Sunak to claim he is tackling illegal migration as former Tory leader says more should be done – UK politics live | Politics


Key events

The Daily Telegraph has today splashed on what seems like a remarkable story. It quotes research claiming that the lockdown measures imposed during the first wave of Covid in 2020 may have saved just 1,700 lives in England and Wales. The report says:

Lockdown saved as few as 1,700 lives in England and Wales in spring 2020, according to a landmark study which concludes the benefits of the policy were “a drop in the bucket compared to the staggering collateral costs” imposed.

Scientists from Johns Hopkins University and Lund University examined almost 20,000 studies on measures taken to protect populations against Covid across the world.

It is the reference to Johns Hopkins University that makes this sound particularly authoritative. The School of Medicine at Johns Hopkins University is world-renowned, and during the pandemic its Coronavirus Resource Centre was one of the best sources of information about the pandemic.

But the report has not actually been produced by the School of Medicine. It has been published by the Institute of Economic Affairs, the libertarian thinktank best known in the UK for inspiring Liz Truss and some of the ideas in her disastrous mini-budget. The report has been written by three people, one of whom, Steve Hanke, is an academic at Johns Hopkins University. But he is an economics professor, not a public health specialist, and he described in the IEA report as well-known currency and commodity trader.

When Boris Johnson was prime minister, he regularly attacked Labour for its failure to build new nuclear power stations when it was in office. He claimed this was part of the reason for the country’s problem with energy security.

On his visit to Hinkley Point C in Somerset this morning, the new nuclear power station that is still not operational, Keir Starmer will claim that it is the Conservative government that is to blame. He will point out that Labour announced outline plans for 10 nuclear reactors in 2009, and that none of them are operational.

Here is a Labour list saying what happened to the 10 projects.

What has happened to 10 nuclear sites announced in 2009
What has happened to 10 nuclear sites announced in 2009 Photograph: Labour party

And here is Ben Quinn and Kiran Stacey’s story about Starmer’s visit.

Covid WhatsApps used for coffee orders not big decisions, says ex-health minister

Government WhatsApp groups were never used to make important decisions during Covid and instead relayed information and discussed coffee orders, James Bethell, a former health minister, has argued. Peter Walker has the story here.

Sunak to claim he is tackling illegal migration as former Tory leader says more should be done

Good morning. Rishi Sunak is giving a speech in Kent this morning and taking questions from journalists. According to No 10, he will be “deliver an update on his plan to stop the boats and the progress we have made over the last six months” (since he made his statement to MPs in December about his plans to “stop the boats”). But the reporters will have lots of other topics to ask him about, such as his government’s legal action against the Covid inquiry.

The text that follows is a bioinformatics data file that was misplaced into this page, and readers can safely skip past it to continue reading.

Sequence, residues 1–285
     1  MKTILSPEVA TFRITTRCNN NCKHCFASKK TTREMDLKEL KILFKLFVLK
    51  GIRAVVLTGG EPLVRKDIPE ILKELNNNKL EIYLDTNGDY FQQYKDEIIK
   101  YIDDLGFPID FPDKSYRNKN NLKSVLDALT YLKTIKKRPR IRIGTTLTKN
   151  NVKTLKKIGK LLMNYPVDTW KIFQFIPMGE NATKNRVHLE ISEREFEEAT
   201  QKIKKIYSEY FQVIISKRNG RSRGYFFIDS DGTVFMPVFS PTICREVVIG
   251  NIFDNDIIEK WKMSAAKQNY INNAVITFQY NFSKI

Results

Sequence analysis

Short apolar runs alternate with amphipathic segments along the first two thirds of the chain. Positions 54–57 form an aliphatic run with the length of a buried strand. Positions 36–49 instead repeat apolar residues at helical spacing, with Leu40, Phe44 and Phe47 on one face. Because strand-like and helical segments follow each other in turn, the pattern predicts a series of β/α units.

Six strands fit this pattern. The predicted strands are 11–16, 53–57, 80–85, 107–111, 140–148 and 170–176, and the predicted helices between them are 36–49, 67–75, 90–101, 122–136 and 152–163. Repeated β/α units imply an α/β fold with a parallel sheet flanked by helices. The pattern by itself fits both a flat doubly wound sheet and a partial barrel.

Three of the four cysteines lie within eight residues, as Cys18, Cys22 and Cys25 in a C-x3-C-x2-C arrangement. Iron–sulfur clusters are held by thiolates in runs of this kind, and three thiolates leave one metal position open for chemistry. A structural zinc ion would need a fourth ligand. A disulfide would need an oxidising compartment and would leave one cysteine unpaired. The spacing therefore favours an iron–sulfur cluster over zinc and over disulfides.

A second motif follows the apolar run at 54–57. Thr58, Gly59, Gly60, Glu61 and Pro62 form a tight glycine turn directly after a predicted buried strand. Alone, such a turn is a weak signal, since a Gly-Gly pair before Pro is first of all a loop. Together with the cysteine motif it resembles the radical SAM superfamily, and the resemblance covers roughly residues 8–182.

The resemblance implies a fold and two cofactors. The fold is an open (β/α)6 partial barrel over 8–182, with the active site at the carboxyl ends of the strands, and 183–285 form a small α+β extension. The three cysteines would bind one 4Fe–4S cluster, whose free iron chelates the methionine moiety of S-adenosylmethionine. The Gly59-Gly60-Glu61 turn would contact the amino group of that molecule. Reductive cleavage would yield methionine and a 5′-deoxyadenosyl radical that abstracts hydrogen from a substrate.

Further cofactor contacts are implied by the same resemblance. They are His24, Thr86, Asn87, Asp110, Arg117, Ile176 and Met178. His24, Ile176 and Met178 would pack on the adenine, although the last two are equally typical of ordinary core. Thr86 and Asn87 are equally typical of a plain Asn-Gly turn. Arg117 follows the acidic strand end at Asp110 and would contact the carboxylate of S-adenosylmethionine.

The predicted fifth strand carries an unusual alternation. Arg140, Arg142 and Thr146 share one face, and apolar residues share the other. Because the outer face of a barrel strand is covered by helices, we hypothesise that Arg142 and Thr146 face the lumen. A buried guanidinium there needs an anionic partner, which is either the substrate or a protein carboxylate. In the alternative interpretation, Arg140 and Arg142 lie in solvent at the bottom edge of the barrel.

According to the Daily Telegraph, Sunak will this morning claim that a sharp fall in the number of Albanians coming to the UK to claim asylum shows his plans are working. In their story, Charles Hymas, Daniel Martin and Amy Gibbons report:

The prime minister will cite a sharp decline in the number of Albanians arriving as evidence that a tough stance on deportations will deter illegal migrants.

The numbers are down from around 30 per cent of Channel arrivals last year to one or two per cent in the first four months of this year.

It is understood that thousands of Albanians are being tracked down and targeted by Home Office immigration enforcement officers for deportation, although immigration minister Robert Jenrick admitted on Sunday that the Government had so far only returned hundreds of Albanians who arrived in small boats.

A 400-strong team of case workers have also been set up to fast-track a backlog of 16,683 asylum applications by Albanians, and immigration and enforcement officials are pursuing thousands more, many of whom have absconded.

But Sunak may find that even people who support what he is trying to do on illegal immigration are not impressed by his progress update. In its story the Daily Mail said the update is likely to be “underwhelming”, and it quotes Sir Iain Duncan Smith, the former Tory leader, asking why so few Albanians (“hundreds”, the immigration minister Robert Jenrick said yesterday) have been removed. Duncan Smith said:

Is the civil service simply failing to do what it is supposed to have done? We need to have a real reason as to why with a full agreement that people are lauding we haven’t got into priority mode and literally kicked these people out.

There needs to be a full explanation from the Home Office as to why this hasn’t happened.

And in the Daily Express, which is the Tory paper normally most reluctant to criticise the government, Martyn Brown, the paper’s deputy political editor, says in an analysis that “none of the new measures [announced by Sunak to deal with illegal immigration] have seemingly made a real impact”.

Here is the agenda for the day.

Morning: Keir Starmer is visiting the Hinkley Point C nuclear power station in Somerset.

11am: Rishi Sunak holds a press conference in Kent, where he will outline what he views as the progress made in the last six months on tackling illegal migration.

12.15pm: Humza Yousaf, Scotland’s first minister, gives a speech to business leaders.

2.30pm: Michael Gove, the levelling up secretary, takes questions in the Commons.

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